SD House panel delays vote on arming teachers - KOTA Territory News

SD House panel delays vote on arming teachers


Wednesday, legislators discussed a bill that involves two of the most emotionally-charged topics in our country: the safety of children and firearms.  If passed, House Bill 1087 would  allow staff and volunteers in South Dakota schools to carry guns.  The bill is generating so much conversation, that Wednesday's hearing was continued to Friday, but not before both proponents and opponents laid out their arguments.


If passed, staff at your child's school may be packing next year. Those in favor of the bill say it could help keep kids safe, particularly students who attend school in rural communities. "We're a little more vulnerable because it's a long way to any law enforcement," District 28B Republican Representative Betty Olson said.

Regardless of whether you are for or against arming staff at schools, proponents say the decision should be up to individual school boards.  "This gives school boards the power to decide never to have an armed presence or to have an armed presence," District 33 Republican Representative Scott Craig said.

People who oppose the legislation say that's not the issue.  "The question is not should we give school boards local control - that's not the question," said Wade Pogony, Executive Director, Associated Schools Boards of South Dakota. "The question is: is it acceptable to allow our teachers and administrators to carry firearms in a school with children?"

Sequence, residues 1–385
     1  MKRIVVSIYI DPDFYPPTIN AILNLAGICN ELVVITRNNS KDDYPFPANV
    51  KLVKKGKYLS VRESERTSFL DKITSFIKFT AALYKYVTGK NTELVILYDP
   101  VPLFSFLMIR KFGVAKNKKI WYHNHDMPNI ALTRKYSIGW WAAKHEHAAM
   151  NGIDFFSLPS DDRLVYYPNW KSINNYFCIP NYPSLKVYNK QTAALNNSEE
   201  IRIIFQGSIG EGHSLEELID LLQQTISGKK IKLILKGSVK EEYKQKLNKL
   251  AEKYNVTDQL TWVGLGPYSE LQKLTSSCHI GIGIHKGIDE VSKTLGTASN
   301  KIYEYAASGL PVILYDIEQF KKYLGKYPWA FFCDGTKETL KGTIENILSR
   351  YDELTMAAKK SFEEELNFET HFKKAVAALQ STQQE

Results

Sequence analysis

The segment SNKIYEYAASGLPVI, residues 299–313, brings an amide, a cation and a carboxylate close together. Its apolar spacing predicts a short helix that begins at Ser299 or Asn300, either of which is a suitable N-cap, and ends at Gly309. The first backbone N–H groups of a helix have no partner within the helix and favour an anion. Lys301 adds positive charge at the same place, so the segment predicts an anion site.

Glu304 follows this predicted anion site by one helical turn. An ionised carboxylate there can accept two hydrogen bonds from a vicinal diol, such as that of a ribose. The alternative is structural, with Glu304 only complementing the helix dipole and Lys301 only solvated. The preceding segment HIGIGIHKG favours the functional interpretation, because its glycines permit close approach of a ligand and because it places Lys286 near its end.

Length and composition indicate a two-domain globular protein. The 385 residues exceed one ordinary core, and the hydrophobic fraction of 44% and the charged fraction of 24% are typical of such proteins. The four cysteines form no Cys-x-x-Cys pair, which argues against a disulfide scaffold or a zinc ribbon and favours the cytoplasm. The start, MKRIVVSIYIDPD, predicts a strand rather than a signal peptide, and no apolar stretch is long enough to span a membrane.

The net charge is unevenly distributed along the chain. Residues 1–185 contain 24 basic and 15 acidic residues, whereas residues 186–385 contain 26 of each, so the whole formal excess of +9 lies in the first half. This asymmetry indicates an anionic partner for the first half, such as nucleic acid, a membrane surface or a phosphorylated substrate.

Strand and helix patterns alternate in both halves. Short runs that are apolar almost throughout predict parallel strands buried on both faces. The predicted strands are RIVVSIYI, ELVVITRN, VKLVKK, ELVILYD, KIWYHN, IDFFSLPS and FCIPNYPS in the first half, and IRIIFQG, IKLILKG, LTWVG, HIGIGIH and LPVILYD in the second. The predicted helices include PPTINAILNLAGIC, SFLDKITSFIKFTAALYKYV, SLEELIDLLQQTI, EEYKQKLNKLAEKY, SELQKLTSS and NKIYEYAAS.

Others came forward with similar concerns. Many had concerns regarding the skills and training needed to use a firearm.  "A school filled with young people is an unforgiving environment where a miss would prove harmful," Lead/Deadwood School Board Vice President Orson Ward said.

Others call the bill an extreme response to a tragic incident.  "Does one incident, as tragic as it has been, necessitate the reaction in this bill," New Underwood Superintendent Jeff Mullette said.

Representative Craig says he began writing the bill before the Newtown, Connecticut shooting.

Other supporters of the bill include Rapid City Chief of Police Steve Allender, District 34 Senator Craig Tieszen (R) and House Speaker Brian Gosch (R).

A representative from the South Dakota Superintendents Association says a majority of the state's 825 administrators and 145 superintendents are opposed to the bill.

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